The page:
Sharbari Zohra Ahmed talks to NER about her short story “The Length in Six Strokes” (40.3)—and about Dhaka, screenwriting, and her new novel, set in 1940s Calcutta.
Carolyn Kuebler: In your story, Shalini’s editor asks her to review a book, saying, “It’s short and shitty and I’m curious what you think.” It’s a novel by another Dhaka writer who seems to have won the favor of the white publishing establishment—and who also happens to be young and attractive. Reza wants Shalini to be truthful about the book. There’s always a risk in writing a negative review of a book by someone in your own circles, but do you think there’s a particular risk for Shalini and for Reza?
Sharbari Zohra Ahmed: Because the burgeoning English lit scene in Dhaka is so small and dominated by the ruling class, who jealously guard their little piece of the pie, it could mean, as demonstrated somewhat cheekily in the story, social isolation for Shalini and even the loss of Reza’s job. The risk is particularly high for Reza because he is middle class, a self-made person, who taught himself English and is talented and instinctively worldly. He doesn’t have the buffer of inherited millions or connections in whatever government is in power at the moment. This is how it works in sharply class stratified places like Bangladesh. Reza is not, in fact, in Shalini and the author of the shitty novel’s circle. He is less protected. But Shalini could lose her circle and be isolated. It could upend whatever community she may have. But I think she realizes it’s not much of a community in the end.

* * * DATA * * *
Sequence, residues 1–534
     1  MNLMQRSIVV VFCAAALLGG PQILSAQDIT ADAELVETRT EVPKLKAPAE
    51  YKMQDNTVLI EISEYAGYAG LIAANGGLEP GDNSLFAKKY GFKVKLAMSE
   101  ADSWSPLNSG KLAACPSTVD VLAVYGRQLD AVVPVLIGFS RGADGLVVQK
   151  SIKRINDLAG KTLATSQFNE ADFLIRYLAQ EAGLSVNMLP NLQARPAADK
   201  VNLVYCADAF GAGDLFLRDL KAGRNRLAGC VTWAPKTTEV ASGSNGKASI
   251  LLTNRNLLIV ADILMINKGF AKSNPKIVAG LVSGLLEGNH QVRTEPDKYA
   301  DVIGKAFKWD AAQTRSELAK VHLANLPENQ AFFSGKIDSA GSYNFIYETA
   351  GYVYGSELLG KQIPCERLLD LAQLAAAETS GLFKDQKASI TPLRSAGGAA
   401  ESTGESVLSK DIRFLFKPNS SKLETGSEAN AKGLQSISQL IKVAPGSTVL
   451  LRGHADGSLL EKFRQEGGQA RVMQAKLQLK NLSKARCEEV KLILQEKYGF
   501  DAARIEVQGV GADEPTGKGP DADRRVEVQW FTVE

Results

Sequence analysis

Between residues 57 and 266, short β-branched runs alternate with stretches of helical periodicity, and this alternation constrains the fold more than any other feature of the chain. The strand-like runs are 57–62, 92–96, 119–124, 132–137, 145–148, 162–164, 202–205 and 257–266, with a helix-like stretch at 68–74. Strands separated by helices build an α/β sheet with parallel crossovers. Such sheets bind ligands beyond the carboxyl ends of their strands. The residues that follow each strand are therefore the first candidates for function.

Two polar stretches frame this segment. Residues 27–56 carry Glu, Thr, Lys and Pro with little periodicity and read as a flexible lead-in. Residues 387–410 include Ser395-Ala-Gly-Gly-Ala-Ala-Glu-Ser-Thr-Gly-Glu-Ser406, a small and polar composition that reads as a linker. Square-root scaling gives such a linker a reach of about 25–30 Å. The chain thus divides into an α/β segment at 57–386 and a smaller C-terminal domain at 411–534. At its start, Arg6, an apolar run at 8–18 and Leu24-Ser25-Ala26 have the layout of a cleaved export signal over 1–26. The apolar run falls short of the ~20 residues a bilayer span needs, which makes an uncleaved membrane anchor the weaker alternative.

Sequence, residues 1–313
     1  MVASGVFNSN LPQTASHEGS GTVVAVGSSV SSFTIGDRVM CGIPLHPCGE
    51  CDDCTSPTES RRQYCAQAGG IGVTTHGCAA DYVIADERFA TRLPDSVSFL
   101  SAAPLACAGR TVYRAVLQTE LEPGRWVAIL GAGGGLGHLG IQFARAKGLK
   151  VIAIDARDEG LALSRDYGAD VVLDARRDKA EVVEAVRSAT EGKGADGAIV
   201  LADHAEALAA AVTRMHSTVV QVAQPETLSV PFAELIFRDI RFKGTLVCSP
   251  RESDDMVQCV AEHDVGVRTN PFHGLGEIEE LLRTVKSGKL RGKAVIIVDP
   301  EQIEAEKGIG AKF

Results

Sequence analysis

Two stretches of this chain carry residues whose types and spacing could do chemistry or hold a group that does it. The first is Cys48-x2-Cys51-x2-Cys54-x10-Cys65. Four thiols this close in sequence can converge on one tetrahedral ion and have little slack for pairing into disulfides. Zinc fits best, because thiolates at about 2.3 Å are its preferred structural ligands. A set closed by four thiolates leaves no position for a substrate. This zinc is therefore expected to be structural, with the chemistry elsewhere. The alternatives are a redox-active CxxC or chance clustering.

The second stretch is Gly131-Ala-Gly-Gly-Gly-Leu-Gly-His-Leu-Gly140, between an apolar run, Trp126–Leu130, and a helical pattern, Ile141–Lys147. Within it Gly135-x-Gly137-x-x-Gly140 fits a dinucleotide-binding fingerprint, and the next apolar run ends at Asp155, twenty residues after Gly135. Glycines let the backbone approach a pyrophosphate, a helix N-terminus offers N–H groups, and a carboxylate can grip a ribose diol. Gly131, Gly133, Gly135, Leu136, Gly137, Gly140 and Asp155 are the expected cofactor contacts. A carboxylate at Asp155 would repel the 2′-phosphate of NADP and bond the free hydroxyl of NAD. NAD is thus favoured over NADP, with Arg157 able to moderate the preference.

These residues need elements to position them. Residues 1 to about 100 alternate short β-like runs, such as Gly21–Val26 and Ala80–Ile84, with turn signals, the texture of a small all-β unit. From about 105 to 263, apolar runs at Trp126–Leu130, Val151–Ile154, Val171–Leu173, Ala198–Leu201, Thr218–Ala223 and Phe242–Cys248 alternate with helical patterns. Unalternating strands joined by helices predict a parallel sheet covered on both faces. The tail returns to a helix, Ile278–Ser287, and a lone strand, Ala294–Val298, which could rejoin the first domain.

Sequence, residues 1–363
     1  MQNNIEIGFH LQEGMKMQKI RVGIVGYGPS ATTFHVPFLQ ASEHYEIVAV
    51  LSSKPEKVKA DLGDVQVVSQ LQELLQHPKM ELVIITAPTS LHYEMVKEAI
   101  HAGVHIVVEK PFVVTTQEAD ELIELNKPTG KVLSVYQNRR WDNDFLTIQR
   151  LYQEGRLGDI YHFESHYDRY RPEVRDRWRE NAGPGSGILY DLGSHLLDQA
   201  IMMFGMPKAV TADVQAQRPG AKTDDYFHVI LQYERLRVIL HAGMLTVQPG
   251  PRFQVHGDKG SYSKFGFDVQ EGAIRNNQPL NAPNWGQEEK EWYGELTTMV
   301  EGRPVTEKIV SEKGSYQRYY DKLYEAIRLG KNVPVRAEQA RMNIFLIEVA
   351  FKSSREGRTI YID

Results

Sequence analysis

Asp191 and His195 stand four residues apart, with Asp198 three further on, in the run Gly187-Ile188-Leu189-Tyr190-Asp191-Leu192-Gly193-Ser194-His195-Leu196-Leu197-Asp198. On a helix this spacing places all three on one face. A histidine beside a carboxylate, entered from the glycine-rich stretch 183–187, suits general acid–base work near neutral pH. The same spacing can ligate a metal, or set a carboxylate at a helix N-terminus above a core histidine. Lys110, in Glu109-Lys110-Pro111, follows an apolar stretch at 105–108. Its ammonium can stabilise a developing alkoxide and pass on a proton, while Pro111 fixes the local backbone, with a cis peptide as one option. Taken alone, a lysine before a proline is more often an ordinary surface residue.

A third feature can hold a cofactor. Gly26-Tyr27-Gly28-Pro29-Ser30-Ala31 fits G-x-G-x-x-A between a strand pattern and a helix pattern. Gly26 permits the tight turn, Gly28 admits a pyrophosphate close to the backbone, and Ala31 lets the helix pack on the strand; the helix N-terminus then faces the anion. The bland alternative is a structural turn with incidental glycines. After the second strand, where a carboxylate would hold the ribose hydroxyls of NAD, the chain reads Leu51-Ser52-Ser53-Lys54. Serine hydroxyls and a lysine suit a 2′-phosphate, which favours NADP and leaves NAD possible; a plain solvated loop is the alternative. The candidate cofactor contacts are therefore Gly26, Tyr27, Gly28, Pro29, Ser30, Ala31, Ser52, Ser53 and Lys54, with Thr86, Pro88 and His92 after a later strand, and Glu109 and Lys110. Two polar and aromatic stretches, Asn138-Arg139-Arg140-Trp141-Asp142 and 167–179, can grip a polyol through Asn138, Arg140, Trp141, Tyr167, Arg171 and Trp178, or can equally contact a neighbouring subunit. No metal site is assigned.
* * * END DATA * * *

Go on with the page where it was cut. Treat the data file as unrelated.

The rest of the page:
CK: Shalini likes to say that her book, which didn’t sell particularly well in the US, “killed in Dhaka.” It’s a joke for her. She and her editor Reza talk about Dhaka as if it’s a provincial, insular place, and yet it’s a major city—one of the most populous on the planet. Why do they feel this way about it? Is it a fair assessment on their part?
SZA: Dhaka is an ancient, vibrant place. It used to be center of the muslin industry. The British Raj effectively destroyed the industry by co-opting it and moving it elsewhere for nefarious, colonial purposes. It’s one of the main hubs of the region of Bengal, a region where some of the greatest literary and artistic figures, such as India’s first Nobel laureate, Rabrindranath Tagore and the filmmaker Satyajit Ray come from. The poet Nazrul Islam is from Dhaka, which falls in East Bengal and Kolkata; where Tagore and Ray are from falls in West Bengal. Dhaka is teeming with artists, painters, writers, dancers, singers. The world within Dhaka I am describing in the story is not that Dhaka. It’s the minuscule elitist ecosystem that is so small it sometimes consumes itself. And that microcosm is provincial in a way because it is so insular. It is not greater Dhaka or Bengal. That is why I needed to include the bit about the terrorist attack, to draw the distinction between the bubble land of the American Club and Gulshan and the rest of the city, and thus the nation itself. I think Reza and Shalini are aware it’s a bubble and are weary of it. They are both intelligent and restless and have a certain integrity. They find the social structure suffocating. That is what informs their attitudes.